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Newer seeds allow farmers to salvage drought-ravaged crop
 
By STEVE BINDER
Illinois Correspondent

CHAMPAIGN, Ill. — As Midwest farmers finish harvesting corn in the worst drought conditions since the 1930s, early indications are the latest drought-resistant seeds helped growers salvage some measure of a decent crop.

“Drought can wreak a lot of havoc on crops, even today, but there’s no question growers did better this year than they did in 1988, and that’s because of advancements in seed development and better technology,” said Emerson Nafziger, a crop science professor at the University of Illinois at Urbana-Champaign.

Based on his early projections, Illinois corn growers likely will lose about one-third of their total corn crop, Nafziger said. In 1988, growers lost nearly half of their corn.

Overall, the USDA is projecting the nation’s corn harvest this year will be down by about 13 percent, despite farmers planting 4 percent more acres of corn. Yields are expected to come in at about 120 bushels per acre; last year the average exceeded 154.

The top three volume seed companies, Monsanto Co., DuPont Co.’s Pioneer and Syngenta AG, each touted new drought-resistant seeds going into this year’s growing season. Officials with each company said recently that each performed reasonably well and gave growers a better shot at greater yields.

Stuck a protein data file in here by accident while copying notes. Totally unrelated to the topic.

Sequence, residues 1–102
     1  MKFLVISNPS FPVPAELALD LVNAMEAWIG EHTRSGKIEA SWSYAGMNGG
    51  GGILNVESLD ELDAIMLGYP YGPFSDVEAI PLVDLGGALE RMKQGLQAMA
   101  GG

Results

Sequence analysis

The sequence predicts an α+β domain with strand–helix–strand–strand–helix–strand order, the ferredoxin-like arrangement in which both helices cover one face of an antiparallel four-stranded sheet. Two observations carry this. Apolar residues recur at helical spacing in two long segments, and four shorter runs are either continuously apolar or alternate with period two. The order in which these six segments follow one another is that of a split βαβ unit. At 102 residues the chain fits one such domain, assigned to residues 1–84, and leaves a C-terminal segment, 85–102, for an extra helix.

One of the most recent independent studies that looked at drought-resistant hybrids, completed in 2010 by researchers at Iowa State University, concluded that seeds bred to be hardier, along with better farming techniques, have added 1 percent to corn yields each year for the past three decades.

And a 1 percent increase each year has had “a huge economic impact,” said David Lightfoot, a genetic researcher at Southern Illinois University Carbondale.

“It’s the crop that’s grown in some of the driest areas of the Midwest, and it’s the one where progress is going to have the biggest payoff,” Lightfoot said. Without advances in seed development, he said, this year’s harvest undoubtedly would have been much worse.

Syngenta has had a drought-tolerant corn called Agrisure Artesian that has been in limited use during the past two years, and the company claims it can increase yields by as much as 15 percent compared to other hybrids, said Wayne Fithian, a Syngenta product manager.

Pioneer’s latest drought-resistant product is called AQUAmax, and this year the seed is expected to produce yields that are 8 percent higher than other hybrids, a company spokesman told The Associated Press.

Monsanto tested this year its first seed that was genetically engineered for drought tolerance, called DroughtGard, and the company said early projections are that it produced about five bushels more per acre than other hybrids.
11/15/2012